It’s not that the gulf between the Congress and the media cannot be bridged. Today, they are both on the same side of the fence with the NDA government as a common target. The Congress needs to understand this and stop treating the media as an adversary. The media can actually be an ally for an opposition party, which must necessarily be aggressive and utilise every weapon it can to put the government in the dock.
What can the Congress do to use the media more effectively? First of all, it will have to stop behaving like a ruling party. If the BJP is having difficulty in adjusting to the compulsions of a party of governance, the Congress seems to be finding it equally hard to meet the demands of being in the opposition. It has an unshakable belief in its divine right to rule, which colours all its responses. Consequently, it continues to be stiff and aloof with the media and is transparently reluctant to part with information.
It is ironic that Congress leaders emerge even from all-party meetings and behave as if they have been discussing top secret matters of state. Other opposition leaders think nothing of giving a detailed briefing on the proceedings to the press. Not so their comrades-in-arms in the Congress. They remain as closemouthed as if they have just finished a Cabinet meeting.
Today, the focus should be on the BJP-led NDA government, not the Congress. The party would do well to remember this and shed its arrogant attitude and its suspicions of the media. Interactive sessions with the press need not be seen as a breach of party discipline. In fact, senior leaders could be encouraged to talk to journalists informally and give them a perspective on issues and Congress strategy. This would facilitate more informed coverage by the media and certainly go a long way in erasing the biases that make journalists pounce on reports of infighting and dissidence rather than look for stories with political substance.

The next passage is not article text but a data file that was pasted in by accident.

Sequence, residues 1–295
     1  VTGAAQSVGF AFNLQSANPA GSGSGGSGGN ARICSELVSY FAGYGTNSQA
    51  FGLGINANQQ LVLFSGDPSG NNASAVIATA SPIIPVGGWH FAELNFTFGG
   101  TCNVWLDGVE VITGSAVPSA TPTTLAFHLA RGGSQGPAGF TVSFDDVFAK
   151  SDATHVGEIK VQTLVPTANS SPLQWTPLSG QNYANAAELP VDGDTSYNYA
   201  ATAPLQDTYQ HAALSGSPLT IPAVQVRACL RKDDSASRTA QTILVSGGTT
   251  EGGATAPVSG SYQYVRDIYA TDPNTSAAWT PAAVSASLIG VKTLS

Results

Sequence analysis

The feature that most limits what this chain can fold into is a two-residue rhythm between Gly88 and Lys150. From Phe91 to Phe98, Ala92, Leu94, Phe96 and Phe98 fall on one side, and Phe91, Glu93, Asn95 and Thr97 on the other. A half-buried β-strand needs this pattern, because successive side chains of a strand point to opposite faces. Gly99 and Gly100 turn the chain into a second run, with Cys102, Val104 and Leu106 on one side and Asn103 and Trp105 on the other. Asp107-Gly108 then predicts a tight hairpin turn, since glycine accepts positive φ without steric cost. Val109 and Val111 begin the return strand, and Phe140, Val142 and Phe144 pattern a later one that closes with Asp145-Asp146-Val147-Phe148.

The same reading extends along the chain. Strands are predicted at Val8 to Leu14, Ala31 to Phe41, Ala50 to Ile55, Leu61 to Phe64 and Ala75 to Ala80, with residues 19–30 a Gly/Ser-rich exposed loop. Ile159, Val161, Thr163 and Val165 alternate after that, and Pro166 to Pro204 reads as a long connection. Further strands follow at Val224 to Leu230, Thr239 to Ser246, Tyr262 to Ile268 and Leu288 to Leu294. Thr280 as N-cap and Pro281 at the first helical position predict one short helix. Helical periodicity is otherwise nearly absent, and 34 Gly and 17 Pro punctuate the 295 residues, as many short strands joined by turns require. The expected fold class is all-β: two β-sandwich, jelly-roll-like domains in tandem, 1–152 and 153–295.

In this context, the Congress needs to take a second look at its media department. With the mushrooming of television channels, magazines and newspapers, it was a good idea to supplement the official spokesperson’s efforts with a special cell devoted to taking care of the needs of the press. Over the years since its inception, the department has facilitated information flow between the party and the media, standardised official briefings across the country so that state units do not contradict the central office and streamlined the availability of routine data such as photo ops at 10 Janpath, Congress Working Committee meetings, and so on.
What the department lacks is political content. Consequently, it is unable to give a fuller perspective to the day’s official briefing. Although it has a panel of spokespersons in addition to the chief spokesperson, few of them seem to be in the decision-making loop and are therefore unable to add to what has been stated officially. Also, since they are not part of the inner circle and nor are they given detailed briefings, they cannot plan media strategies or management of news.
It is ironic that a department, which should be vital to an opposition party, has seen four different chairpersons since its inception in 1998. The panel of spokespersons has gone through rapid changes too with leaders being shuffled like a pack of cards for inexplicable reasons. The only constant figures have been two non-political persons, Rajiv Desai, whose expertise as head of a communications agency is often utilised, and Tom Vaddakan, who as media secretary has helped to put the information systems in place.